Saturday, August 03, 2013

Belarus: Belarus urged to release human rights activist Ales Bialiatski

Special Rapporteur on Belarus Miklós Haraszti. Photo: OSCE/Susanna Lööf

UN - 2 August 2013 – The Government of Belarus must “immediately and unconditionally” release human rights activist Ales Bialiatski, a United Nations independent expert urged today, calling on authorities to stop prosecuting rights defenders and journalists.

“Mr. Bialiatski is an internationally respected human rights defender; his engagement for human rights is well-known and broadly applauded,” said the Special Rapporteur on the situation of human rights in the Republic of Belarus, Miklós Haraszti, adding that his detention is “a symbol of the repression against human rights defenders.”

Two years ago, Mr. Bialiatski, who is head of the Human Rights Center Viasna, was detained in the Belarusian capital, Minsk, on charges of tax evasion. He was later sentenced to four and a half years imprisonment with the confiscation of all his property, including assets registered to other persons. This judgment was upheld on appeal in 2012.

In addition to his work with Viasna, Mr. Bialiatski has been active is setting up the Belarusian Human Rights House in Vilnius, Lithuania, and became the Vice-President of the International Federation of Human Rights.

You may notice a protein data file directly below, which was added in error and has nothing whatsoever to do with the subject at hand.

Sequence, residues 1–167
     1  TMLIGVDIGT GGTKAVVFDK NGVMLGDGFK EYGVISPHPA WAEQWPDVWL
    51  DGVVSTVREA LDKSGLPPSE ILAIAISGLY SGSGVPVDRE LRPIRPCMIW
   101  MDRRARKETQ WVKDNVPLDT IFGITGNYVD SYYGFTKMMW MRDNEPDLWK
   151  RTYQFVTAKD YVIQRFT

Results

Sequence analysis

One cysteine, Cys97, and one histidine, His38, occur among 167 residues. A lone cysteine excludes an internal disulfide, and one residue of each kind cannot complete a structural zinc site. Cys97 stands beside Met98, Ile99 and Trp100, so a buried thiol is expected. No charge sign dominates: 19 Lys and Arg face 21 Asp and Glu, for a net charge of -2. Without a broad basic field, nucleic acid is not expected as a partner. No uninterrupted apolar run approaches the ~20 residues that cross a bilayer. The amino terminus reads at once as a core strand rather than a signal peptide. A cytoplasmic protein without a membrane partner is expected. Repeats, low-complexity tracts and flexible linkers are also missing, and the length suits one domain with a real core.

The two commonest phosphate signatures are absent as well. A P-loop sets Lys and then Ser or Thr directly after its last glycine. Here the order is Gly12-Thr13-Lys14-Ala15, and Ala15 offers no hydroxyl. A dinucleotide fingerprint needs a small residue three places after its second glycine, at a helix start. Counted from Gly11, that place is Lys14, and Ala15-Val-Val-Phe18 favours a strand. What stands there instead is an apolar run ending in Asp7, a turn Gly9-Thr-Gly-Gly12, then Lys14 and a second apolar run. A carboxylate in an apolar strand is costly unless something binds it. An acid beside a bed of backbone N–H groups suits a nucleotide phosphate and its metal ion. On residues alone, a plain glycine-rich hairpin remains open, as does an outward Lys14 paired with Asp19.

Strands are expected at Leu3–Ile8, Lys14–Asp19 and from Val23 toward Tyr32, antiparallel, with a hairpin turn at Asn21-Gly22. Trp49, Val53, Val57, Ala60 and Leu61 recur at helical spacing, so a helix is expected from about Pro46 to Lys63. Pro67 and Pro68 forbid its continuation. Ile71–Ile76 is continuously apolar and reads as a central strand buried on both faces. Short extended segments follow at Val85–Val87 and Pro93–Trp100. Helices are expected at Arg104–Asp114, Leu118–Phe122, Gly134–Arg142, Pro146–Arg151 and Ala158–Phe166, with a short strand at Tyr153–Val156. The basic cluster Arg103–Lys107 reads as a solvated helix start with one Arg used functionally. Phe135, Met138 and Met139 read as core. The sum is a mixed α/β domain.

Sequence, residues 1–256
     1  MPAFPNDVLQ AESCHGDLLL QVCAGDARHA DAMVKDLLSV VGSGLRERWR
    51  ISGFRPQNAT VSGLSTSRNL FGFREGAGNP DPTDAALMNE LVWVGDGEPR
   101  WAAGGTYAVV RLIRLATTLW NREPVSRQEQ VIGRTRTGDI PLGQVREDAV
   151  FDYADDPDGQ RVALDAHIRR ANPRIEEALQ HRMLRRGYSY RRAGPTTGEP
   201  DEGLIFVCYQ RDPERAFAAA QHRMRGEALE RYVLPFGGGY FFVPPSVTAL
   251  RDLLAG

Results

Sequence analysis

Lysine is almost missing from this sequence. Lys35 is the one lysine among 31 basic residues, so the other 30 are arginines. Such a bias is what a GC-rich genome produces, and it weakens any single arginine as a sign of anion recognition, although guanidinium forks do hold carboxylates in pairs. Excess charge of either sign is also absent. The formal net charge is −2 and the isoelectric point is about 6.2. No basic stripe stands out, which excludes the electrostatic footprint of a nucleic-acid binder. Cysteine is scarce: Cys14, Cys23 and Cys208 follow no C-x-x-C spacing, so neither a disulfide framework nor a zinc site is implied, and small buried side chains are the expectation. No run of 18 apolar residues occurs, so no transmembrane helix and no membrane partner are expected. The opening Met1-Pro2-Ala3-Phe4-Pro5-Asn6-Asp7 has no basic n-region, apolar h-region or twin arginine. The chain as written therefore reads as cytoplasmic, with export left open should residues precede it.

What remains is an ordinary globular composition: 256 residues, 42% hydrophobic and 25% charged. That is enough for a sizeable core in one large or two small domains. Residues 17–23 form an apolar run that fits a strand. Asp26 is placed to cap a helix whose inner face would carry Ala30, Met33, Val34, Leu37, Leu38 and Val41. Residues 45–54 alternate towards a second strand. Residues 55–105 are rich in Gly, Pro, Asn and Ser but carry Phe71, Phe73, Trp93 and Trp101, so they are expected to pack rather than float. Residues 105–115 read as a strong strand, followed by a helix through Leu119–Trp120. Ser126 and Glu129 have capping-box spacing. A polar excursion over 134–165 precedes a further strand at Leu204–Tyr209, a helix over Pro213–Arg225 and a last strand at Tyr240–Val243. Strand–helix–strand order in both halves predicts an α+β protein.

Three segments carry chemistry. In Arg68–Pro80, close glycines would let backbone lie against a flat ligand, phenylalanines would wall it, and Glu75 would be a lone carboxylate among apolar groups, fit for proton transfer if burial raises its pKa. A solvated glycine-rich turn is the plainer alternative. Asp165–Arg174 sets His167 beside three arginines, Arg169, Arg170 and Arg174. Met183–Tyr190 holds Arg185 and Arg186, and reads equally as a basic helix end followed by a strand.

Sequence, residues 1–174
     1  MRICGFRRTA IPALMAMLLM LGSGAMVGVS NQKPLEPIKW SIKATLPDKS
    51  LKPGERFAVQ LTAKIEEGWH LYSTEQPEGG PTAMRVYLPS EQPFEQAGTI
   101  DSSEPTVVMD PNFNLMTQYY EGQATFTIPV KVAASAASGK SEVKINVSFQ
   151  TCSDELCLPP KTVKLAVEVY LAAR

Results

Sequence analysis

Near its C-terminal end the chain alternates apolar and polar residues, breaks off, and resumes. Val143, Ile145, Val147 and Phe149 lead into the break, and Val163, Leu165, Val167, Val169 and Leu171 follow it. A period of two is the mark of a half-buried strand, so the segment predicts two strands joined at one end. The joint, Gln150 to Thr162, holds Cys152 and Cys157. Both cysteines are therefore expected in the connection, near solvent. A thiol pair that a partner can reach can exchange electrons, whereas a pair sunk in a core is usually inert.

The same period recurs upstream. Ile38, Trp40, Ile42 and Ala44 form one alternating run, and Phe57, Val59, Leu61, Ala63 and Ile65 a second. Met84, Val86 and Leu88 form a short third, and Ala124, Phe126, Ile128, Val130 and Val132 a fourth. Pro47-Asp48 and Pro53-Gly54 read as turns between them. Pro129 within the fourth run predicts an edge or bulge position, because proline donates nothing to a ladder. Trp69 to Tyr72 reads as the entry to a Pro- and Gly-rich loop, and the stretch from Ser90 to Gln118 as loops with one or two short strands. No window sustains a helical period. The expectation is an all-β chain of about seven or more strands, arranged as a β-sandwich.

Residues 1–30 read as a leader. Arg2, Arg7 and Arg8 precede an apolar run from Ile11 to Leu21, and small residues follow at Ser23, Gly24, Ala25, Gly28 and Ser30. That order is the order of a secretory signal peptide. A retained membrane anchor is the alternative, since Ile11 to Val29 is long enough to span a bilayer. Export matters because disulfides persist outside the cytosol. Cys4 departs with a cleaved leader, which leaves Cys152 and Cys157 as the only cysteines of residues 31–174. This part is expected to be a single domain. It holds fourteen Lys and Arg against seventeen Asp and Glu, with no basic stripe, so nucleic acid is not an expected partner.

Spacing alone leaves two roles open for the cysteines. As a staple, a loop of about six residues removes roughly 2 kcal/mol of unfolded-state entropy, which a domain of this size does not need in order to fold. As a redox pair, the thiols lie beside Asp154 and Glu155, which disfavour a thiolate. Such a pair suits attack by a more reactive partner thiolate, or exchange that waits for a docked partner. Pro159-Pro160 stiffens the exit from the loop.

“As many other human rights defenders in Belarus, Mr. Bialiatski could not legally and without hindrance work, because of the refusal by Belarusian authorities to register his NGO [non-governmental organization],” the Special Rapporteur said, urging the Government to acknowledge human rights organizations in the country, and start cooperating with them to establish an independent national human rights institution as pledged in the nation's commitments to the UN.

“The detention of Mr. Bialiatski is clearly a consequence of him continuing his not only legitimate but also legal work under international human rights law,” Mr. Haraszti underlined, and called upon the authorities to immediately and unconditionally release and rehabilitate Mr. Bialiatski and those incarcerated in violation of their human rights.

Mr. Haraszti had previously recommended this release in his June 2013 report to the UN Human Rights Council, following the UN High Commissioner for Human Rights' similar call in her 2011 report on Belarus.

Earlier this year the Council had also called upon all States to ensure that the promotion and the protection of human rights are not criminalized, and human rights defenders are not prevented from enjoying universal human rights owing to their work.

“I urge the Belarusian authorities to protect human rights defenders and journalists from harassment, intimidation and violence as a result of their activities, and conduct prompt, impartial and thorough investigations, prosecution and punishment of any such acts,” said Mr. Haraszti, reiterating the recommendation made in his report, in line with the UN Declaration on Human Rights Defenders.

Special rapporteurs are appointed by the Council to examine and report back on a country situation or a specific human rights theme. The positions are honorary and the experts are not UN staff, nor are they paid for their work.

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